Measures of skill and value of ensemble prediction systems, their interrelationship and the effect of ensemble size
Version of Record online: 19 DEC 2006
Copyright © 2001 John Wiley & Sons, Ltd
Quarterly Journal of the Royal Meteorological Society
Volume 127, Issue 577, pages 2473–2489, October 2001 Part A
How to Cite
Richardson, D. S. (2001), Measures of skill and value of ensemble prediction systems, their interrelationship and the effect of ensemble size. Q.J.R. Meteorol. Soc., 127: 2473–2489. doi: 10.1002/qj.49712757715
- Issue online: 19 DEC 2006
- Version of Record online: 19 DEC 2006
- Manuscript Revised: 10 MAY 2001
- Manuscript Received: 14 NOV 2000
- Brier score;
- Reliability diagram
Ensemble forecasts provide probabilistic predictions for the future state of the atmosphere. Usually the probability of a given event E is determined from the fraction of ensemble members which predict the event. Hence there is a degree of sampling error inherent in the predictions. In this paper a theoretical study is made of the effect of ensemble size on forecast performance as measured by a reliability diagram and Brier (skill) score, and on users by using a simple cost-loss decision model. The relationship between skill and value, and a generalized skill score, dependent on the distribution of users, are discussed. The Brier skill score is reduced from its potential level for all finite-sized ensembles. The impact is most significant for small ensembles, especially when the variance of forecast probabilities is also small. The Brier score for a set of deterministic forecasts is a measure of potential predictability, assuming the forecasts are representative selections from a reliable ensemble prediction system (EPS). There is a consistent effect of finite ensemble size on the reliability diagram. Even if the underlying distribution is perfectly reliable, sampling this using only a small number of ensemble members introduces considerable unreliability. There is a consistent over-forecasting which appears as a clockwise tilt of the reliability diagram. It is important to be aware of the expected effect of ensemble size to avoid misinterpreting results. An ensemble of ten or so members should not be expected to provide reliable probability forecasts. Equally, when comparing the performance of different ensemble systems, any difference in ensemble size should be considered before attributing performance differences to other differences between the systems.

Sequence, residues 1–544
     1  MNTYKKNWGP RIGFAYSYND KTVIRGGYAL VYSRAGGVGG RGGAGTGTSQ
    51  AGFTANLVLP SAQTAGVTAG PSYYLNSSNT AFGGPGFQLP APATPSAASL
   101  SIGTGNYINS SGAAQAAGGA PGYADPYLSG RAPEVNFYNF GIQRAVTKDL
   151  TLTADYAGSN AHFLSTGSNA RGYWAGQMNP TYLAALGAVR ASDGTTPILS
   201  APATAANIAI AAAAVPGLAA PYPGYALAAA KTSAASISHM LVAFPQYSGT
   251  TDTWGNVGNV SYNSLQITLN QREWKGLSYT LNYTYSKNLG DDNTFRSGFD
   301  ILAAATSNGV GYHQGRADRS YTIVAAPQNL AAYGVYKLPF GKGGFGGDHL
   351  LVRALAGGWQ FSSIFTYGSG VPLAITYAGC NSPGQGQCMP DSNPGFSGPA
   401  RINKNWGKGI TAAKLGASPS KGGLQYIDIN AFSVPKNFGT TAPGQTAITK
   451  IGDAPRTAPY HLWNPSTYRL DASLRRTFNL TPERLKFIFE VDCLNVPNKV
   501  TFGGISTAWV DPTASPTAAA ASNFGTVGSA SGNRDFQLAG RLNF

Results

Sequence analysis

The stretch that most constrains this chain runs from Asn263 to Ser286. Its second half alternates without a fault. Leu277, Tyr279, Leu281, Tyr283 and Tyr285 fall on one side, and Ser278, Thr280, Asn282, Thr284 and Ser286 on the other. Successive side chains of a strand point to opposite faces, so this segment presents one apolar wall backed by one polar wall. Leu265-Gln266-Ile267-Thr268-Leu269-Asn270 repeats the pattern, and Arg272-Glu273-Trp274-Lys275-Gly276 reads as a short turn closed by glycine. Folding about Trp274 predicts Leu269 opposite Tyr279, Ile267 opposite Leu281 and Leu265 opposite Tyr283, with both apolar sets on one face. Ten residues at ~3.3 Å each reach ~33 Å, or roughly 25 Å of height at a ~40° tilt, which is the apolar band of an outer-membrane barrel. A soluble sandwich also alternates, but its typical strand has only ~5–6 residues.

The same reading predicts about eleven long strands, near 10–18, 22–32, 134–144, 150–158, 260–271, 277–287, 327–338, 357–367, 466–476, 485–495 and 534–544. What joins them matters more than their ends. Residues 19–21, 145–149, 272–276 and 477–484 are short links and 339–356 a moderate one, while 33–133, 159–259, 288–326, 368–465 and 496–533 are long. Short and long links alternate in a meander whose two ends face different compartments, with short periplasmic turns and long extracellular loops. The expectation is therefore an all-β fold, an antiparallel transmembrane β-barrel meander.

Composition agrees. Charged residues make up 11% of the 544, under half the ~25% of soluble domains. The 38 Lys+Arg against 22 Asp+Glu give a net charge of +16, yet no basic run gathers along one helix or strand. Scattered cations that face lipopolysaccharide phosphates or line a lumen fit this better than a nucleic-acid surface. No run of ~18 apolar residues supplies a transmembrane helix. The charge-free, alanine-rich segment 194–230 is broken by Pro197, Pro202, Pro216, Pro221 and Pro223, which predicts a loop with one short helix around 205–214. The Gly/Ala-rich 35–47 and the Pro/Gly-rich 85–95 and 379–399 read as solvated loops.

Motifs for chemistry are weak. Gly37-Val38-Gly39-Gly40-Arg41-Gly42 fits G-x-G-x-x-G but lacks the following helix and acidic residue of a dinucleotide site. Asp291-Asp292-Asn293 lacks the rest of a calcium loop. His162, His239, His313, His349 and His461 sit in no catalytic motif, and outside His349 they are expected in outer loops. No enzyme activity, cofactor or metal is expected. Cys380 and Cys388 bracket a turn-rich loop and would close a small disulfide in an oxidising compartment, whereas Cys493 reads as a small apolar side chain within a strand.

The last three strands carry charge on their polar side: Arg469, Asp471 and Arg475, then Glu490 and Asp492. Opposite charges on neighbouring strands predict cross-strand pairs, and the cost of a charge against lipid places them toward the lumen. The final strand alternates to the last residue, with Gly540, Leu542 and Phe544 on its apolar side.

The usefulness of an EPS to individual users cannot be deduced from the Brier skill score (nor even directly from the reliability diagram). An EPS with minimal Brier skill may nevertheless be of substantial value to some users, while small differences in skill may hide substantial variation in value. Using a simple cost-loss decision model, the sensitivity of users to differences in ensemble size is shown to depend on the predictability and frequency of the event and on the cost-loss ratio of the user. For an extreme event with low predictability, users with low cost-loss ratio will gain significant benefits from increasing ensemble size from 50 to 100 members, with potential for substantial additional value from further increases in number of members. This sensitivity to large ensemble size is not evident in the Brier skill score. A generalized skill score, dependent on the distribution of users, allows a summary performance measure to be tuned to a particular aspect of EPS performance.